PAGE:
I saw the driver and went up to him and asked “for Greenwood?” “Capt B?” “Yes. I’ll need about 10 minutes to get changed” (I could not arrive home dressed as I was), “No problem, your the only one I’m picking up”.
I know of a quiet area with a gender neutral bathroom and did a super fast transformation. I walked up to the driver again, who was on his phone, waiting a moment, he looked at me inquisitively, I said “For Greenwood”…pause…strange look (as he only had one person to pick up)…2,3,4 “I mentioned I had to get changed. I’m ready now, we can go”…pause, 2,3,4…”OH!”
The hour and a half drive back went quickly as we talked about many topics, including of course the military and LGBT issues.
I believe I was very lucky to not have had any negative experiences during those couple of days. I’m hopeful that maybe, despite what is going on in other parts of the world (North America…), that acceptance of those who are “different”, is no longer a big deal. And as the Canadian Human Rights Act and the Charter of Rights and Freedoms states, we are guaranteed and environment free from harassment and discrimination and are free to express who we are in a free and open manner.
Before writing this entry, I had put that short blurb about still being around. After I did that, I went back and read my last full blog entry and was somewhat stunned. I could not remember writing it. What was there was very enlightening, considering what I had just done. I had learnt much during the training, but how I felt after the fantastic experience of those days, only leaves me now with more questions, especially after re-reading what I had wrote. Yes, I am changing. I’m getting older. Life is getting shorter. My Give A F@$% Factor has changed. I have this part of me that needs to be freed.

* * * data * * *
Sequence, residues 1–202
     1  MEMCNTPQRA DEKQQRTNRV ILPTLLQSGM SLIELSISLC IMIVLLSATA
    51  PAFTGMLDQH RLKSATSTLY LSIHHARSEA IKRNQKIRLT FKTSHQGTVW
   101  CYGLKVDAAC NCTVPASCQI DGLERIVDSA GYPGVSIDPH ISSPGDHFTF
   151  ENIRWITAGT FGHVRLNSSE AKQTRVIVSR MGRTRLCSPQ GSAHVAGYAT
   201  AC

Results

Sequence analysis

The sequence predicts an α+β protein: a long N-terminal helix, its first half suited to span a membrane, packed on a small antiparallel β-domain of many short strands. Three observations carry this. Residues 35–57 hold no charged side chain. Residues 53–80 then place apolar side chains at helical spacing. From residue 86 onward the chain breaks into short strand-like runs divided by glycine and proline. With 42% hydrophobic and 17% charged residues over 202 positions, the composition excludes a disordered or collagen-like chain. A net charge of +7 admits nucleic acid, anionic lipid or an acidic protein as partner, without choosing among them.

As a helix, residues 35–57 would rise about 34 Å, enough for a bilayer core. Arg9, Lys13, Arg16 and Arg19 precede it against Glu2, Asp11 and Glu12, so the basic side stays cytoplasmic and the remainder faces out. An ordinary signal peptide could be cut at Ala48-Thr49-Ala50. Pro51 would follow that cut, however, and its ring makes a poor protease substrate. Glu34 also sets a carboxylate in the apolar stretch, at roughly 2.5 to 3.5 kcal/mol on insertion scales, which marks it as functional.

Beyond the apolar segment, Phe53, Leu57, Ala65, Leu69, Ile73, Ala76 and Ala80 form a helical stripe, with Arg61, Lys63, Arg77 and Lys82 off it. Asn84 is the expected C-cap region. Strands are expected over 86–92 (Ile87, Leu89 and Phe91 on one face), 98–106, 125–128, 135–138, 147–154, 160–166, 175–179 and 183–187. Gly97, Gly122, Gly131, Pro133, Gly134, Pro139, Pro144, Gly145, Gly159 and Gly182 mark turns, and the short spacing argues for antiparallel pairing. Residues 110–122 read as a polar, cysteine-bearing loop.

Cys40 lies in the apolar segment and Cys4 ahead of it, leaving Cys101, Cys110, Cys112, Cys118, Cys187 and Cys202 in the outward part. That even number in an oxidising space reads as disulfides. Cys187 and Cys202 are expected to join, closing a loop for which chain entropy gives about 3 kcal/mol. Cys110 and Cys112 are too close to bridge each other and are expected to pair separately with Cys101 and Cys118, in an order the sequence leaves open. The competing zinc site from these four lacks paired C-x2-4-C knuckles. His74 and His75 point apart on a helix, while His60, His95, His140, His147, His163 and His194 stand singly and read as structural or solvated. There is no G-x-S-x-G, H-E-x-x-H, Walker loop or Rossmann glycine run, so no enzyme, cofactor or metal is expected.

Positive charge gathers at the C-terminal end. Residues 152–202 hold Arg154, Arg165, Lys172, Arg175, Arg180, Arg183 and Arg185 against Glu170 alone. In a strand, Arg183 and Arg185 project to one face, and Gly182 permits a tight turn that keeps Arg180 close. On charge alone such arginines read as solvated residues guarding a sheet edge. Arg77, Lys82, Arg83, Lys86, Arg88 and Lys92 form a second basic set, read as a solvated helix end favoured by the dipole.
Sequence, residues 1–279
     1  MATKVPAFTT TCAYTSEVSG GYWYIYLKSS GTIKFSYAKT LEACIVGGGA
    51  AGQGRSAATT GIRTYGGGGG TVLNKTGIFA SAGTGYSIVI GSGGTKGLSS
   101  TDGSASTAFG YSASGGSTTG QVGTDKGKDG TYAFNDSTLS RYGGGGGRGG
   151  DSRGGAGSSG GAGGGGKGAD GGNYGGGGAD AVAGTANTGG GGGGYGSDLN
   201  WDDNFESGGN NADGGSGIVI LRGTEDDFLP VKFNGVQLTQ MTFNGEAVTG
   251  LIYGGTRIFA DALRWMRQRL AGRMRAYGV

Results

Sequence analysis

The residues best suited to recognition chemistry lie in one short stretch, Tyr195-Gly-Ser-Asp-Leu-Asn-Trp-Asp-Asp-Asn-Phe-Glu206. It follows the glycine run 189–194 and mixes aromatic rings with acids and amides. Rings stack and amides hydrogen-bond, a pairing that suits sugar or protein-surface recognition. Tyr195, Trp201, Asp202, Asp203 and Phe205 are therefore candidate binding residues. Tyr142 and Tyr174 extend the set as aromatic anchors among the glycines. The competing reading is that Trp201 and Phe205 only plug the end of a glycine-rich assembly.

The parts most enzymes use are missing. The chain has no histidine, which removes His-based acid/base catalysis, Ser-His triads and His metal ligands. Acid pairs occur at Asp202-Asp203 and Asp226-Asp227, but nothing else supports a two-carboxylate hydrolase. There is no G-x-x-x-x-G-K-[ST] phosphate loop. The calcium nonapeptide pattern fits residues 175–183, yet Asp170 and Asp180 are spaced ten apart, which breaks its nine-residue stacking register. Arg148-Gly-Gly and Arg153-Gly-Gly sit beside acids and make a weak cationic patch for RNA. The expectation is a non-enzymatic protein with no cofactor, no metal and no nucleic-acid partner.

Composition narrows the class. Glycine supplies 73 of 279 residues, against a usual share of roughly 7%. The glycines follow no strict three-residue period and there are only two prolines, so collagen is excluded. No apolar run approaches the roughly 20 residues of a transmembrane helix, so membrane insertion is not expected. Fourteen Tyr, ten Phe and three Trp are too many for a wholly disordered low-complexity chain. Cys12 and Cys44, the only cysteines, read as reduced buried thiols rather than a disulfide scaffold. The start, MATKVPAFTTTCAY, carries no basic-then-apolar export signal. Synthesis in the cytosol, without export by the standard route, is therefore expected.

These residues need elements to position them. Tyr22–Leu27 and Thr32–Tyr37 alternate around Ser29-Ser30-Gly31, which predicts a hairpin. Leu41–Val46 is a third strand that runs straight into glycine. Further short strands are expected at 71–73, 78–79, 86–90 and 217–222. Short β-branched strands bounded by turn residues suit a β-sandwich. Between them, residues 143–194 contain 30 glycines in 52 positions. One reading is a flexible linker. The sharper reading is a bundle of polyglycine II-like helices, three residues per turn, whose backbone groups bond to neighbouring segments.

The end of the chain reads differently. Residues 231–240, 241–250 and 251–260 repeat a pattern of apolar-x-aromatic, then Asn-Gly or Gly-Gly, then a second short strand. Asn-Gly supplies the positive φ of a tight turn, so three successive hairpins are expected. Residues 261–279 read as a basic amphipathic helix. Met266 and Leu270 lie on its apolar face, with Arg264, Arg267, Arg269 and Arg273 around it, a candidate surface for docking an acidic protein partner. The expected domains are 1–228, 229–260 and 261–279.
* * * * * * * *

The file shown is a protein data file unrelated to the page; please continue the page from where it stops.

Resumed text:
I’ll close this entry with a quick mention of a couple of notable events that occurred over the last 11 month: Got out to supper, twice, with a group of local trans* friends and spouses (we are all over the spectrum). Had “the talk” with my wife…lets just say it’s now more of a “don’t ask, don’t tell” relationship. It’s more than she bargained for. She understands its part of me and that I need to express it, she just doesn’t want to see or know about it. I hate that I have lied to her in the past, but that’s a wound that may never heal. Somehow life will continue. That magic balance, a compromise will be found.
In the mean time, not to end on a downer, I’m personally comfortable. So much so, that a number of co-workers now know and all have been absolutely fantastic about it. 🙂
Hopefully it wouldn’t be another year before my next entry.
Enjoy who you are!